The Media Effect: How the News Influences Politics and Government

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In a postmodern age where the media's depictions of reality serve as stand-ins for the real thing for so many Americans, how much government policy is being made on the basis of those mediated realities and on the public reaction to them? When those mediated depictions deviate from the truth of the actual situation, how serious a situation is that? Time and again, both anecdotal evidence and scientific research seem to confirm that the news media often influence government action. At the least, they speed up policy making that would otherwise take a slower, more reasoned course. Sometimes the media serve as the communication link among world leaders who may be ideological enemies. Because of the enduring popularity of television news, government leaders monitor the networks' story selections and track public opinion trends generated by interviews done in these stories. These then become the substance of proposed legislation and/or executive action, as politicians strive to prove themselves able listeners to the heartland of America and also prove themselves worthy of re-election. This book examines many specific events that show how major news operations either painted a truthful or distorted picture of national and international events, and how governmental leaders responded following those representations.

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Editorial Reviews

From the Publisher
"Willis synthesizes the research literature on the American media, focusing primarily on the question of how media representations influence government decision- making, particularly the decision to go to war. He discusses how the media chooses what to cover and the media's ability or inability to cover stories accurately. He also discusses questions of media literacy, the symbiotic relationship between politicians and the media, and examples of how presidents have sought to manage media coverage throughout American history."


Reference & Research Book News

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Product Details

  • ISBN-13: 9780275994969
  • Publisher: ABC-CLIO, Incorporated
  • Publication date: 6/28/2007
  • Series: Democracy and the News Series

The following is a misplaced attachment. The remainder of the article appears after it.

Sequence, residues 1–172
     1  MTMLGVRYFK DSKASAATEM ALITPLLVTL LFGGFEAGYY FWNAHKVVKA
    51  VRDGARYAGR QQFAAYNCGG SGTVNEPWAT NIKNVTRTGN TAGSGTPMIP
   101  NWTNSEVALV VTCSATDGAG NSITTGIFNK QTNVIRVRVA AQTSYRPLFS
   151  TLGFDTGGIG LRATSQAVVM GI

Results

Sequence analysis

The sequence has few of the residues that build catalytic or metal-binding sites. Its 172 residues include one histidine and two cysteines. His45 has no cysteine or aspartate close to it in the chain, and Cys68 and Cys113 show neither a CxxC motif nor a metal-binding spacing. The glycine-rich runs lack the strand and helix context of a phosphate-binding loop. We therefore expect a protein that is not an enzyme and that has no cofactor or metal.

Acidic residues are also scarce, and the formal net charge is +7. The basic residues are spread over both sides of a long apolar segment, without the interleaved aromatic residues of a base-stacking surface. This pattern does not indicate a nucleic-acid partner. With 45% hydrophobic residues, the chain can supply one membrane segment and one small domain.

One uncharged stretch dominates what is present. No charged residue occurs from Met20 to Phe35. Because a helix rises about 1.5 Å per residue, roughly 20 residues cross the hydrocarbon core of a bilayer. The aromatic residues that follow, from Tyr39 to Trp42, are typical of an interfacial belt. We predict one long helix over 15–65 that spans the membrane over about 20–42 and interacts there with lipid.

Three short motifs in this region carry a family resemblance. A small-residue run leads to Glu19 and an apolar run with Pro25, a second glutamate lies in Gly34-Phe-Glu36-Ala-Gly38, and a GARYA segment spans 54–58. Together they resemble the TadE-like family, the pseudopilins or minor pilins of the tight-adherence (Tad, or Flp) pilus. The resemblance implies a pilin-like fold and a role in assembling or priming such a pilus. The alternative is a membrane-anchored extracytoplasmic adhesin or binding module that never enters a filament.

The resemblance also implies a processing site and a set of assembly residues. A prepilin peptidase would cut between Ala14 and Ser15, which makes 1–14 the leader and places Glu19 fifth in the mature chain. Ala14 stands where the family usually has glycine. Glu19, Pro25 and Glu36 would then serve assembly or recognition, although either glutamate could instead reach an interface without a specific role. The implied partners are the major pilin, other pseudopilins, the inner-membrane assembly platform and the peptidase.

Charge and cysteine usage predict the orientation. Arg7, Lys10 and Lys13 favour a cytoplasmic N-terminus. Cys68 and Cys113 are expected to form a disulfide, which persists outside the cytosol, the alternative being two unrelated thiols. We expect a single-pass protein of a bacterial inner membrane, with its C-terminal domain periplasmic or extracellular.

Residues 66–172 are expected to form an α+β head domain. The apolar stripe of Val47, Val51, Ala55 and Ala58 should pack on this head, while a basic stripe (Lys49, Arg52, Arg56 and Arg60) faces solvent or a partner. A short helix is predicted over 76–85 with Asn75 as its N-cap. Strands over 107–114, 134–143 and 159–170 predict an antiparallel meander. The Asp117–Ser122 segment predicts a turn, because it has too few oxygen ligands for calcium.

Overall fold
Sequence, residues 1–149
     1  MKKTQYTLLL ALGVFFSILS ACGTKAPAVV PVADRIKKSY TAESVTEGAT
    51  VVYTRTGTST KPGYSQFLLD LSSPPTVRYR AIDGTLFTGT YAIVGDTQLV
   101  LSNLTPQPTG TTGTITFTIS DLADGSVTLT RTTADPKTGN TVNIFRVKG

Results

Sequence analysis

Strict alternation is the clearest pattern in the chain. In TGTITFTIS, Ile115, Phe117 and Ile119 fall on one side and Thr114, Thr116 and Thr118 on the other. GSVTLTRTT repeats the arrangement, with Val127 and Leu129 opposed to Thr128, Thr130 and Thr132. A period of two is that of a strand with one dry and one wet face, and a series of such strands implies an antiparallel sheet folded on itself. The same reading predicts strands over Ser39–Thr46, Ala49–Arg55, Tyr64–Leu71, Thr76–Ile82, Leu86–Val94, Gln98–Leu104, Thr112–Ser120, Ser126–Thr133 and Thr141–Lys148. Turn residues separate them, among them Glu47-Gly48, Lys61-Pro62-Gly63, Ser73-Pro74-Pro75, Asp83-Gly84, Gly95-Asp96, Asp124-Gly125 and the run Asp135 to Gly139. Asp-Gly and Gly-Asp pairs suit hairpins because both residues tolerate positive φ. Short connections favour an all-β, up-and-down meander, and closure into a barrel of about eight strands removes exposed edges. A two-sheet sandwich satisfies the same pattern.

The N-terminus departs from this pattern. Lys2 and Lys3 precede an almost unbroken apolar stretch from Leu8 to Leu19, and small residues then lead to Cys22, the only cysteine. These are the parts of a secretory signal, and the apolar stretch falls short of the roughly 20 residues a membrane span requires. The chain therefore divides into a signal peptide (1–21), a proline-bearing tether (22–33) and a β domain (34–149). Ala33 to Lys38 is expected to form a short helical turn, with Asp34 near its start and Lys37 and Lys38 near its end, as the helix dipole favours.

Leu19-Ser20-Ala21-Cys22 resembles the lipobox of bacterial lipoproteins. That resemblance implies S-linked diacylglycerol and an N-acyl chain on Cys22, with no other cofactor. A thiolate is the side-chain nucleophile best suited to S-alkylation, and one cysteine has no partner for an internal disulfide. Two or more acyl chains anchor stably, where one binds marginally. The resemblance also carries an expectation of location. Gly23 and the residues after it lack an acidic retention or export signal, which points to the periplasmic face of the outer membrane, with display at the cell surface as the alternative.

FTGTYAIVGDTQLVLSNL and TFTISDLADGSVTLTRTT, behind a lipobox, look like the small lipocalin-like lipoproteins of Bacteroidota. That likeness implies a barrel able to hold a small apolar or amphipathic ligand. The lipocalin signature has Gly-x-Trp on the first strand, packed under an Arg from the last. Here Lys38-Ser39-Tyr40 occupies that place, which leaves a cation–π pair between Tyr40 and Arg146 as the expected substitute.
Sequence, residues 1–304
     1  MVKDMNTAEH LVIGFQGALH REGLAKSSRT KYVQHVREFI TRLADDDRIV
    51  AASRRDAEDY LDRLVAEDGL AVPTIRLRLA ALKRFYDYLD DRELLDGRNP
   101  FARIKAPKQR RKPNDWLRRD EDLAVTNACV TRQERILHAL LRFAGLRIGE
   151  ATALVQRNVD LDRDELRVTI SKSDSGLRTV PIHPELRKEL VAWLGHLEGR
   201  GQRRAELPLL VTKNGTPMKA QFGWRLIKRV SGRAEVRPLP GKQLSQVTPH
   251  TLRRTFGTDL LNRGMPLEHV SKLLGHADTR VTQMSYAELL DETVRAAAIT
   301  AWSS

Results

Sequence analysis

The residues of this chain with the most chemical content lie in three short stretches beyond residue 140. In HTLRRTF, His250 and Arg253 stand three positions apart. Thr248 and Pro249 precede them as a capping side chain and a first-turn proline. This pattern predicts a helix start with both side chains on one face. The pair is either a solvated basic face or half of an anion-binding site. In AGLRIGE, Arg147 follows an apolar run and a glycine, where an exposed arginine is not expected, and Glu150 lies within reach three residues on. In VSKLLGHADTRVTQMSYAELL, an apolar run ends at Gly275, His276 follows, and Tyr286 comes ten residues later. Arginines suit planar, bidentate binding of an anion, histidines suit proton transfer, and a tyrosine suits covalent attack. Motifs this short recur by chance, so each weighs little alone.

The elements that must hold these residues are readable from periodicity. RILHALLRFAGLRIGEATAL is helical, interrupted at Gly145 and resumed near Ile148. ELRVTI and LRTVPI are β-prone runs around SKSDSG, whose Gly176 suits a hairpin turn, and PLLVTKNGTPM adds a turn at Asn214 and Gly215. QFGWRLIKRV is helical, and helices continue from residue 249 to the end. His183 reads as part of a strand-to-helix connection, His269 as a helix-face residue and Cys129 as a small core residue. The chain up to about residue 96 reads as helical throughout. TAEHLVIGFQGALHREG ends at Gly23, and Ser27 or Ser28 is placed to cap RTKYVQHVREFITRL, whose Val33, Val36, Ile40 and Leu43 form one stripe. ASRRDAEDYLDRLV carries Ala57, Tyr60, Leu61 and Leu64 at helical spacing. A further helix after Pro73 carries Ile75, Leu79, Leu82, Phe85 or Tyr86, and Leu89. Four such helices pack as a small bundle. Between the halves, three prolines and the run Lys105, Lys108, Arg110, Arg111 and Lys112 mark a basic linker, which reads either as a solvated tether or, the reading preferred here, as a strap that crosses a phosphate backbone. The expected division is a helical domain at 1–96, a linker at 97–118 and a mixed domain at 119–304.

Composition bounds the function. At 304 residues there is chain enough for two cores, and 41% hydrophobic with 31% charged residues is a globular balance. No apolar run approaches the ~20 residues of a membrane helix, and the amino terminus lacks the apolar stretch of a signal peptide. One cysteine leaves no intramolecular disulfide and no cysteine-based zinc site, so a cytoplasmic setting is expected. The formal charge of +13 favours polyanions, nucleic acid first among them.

• Edition description: New Edition
  • Pages: 184
  • Product dimensions: 6.14 (w) x 9.21 (h) x 0.50 (d)

Meet the Author

JIM WILLIS is a former newspaper reporter and editor for the Oklahoman and the Dallas Morning News who has been teaching journalism at the university level since 1980. He holds a Ph.D. in Journalism from the University of Missouri, and he currently chairs the Department of Communication Studies at Azusa Pacific University. He has held endowed chairs at the University of Oklahoma and the University of Memphis, is a former Communication Department chair at Boston College, and has been a professor at Ashland University as well as guest professor at Johannes Gutenberg University in Mainz, Germany, and Justus Liebig University in Giessen, Germany. Since leaving the practice of full-time daily journalism, he has covered numerous stories, including the bombing of the Alfred P. Murrah Federal Building in Oklahoma City. This is his tenth book on journalism and the news media.

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Table of Contents

Series Foreword   Jeffrey Scheuer     ix
Preface     xi
Media Impact on Government: Views Vary     1
The Media and Political Action     15
The Media and National Development     29
How Events and Issues Become News     43
What the Research Reveals     55
Decoding the News: A Primer in Media Literacy     73
Politicians and Journalists: A Symbiotic Relationship     93
Presidents and the Press     105
Conducting War in a Media Age     117
The Media as the Fourth Estate     137
Notes     147
Selected Bibliography     155
Index     157
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